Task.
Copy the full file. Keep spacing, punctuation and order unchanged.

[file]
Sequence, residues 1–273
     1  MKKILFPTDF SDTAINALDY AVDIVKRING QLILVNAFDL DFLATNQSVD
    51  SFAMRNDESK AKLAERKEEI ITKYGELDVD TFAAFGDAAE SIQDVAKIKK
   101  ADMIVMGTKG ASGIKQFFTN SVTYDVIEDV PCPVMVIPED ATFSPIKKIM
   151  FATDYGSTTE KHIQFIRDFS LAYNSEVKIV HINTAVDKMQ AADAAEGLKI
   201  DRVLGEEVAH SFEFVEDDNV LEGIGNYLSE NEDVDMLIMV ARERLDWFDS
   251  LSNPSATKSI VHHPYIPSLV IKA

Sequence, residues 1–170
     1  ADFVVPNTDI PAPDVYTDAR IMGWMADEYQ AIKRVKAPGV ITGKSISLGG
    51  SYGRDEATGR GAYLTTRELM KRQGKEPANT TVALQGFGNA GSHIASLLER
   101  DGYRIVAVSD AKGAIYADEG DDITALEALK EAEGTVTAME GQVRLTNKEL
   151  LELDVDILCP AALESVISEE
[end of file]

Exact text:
Sequence, residues 1–273
     1  MKKILFPTDF SDTAINALDY AVDIVKRING QLILVNAFDL DFLATNQSVD
    51  SFAMRNDESK AKLAERKEEI ITKYGELDVD TFAAFGDAAE SIQDVAKIKK
   101  ADMIVMGTKG ASGIKQFFTN SVTYDVIEDV PCPVMVIPED ATFSPIKKIM
   151  FATDYGSTTE KHIQFIRDFS LAYNSEVKIV HINTAVDKMQ AADAAEGLKI
   201  DRVLGEEVAH SFEFVEDDNV LEGIGNYLSE NEDVDMLIMV ARERLDWFDS
   251  LSNPSATKSI VHHPYIPSLV IKA

Sequence, residues 1–170
     1  ADFVVPNTDI PAPDVYTDAR IMGWMADEYQ AIKRVKAPGV ITGKSISLGG
    51  SYGRDEATGR GAYLTTRELM KRQGKEPANT TVALQGFGNA GSHIASLLER
   101  DGYRIVAVSD AKGAIYADEG DDITALEALK EAEGTVTAME GQVRLTNKEL
   151  LELDVDILCP AALESVISEE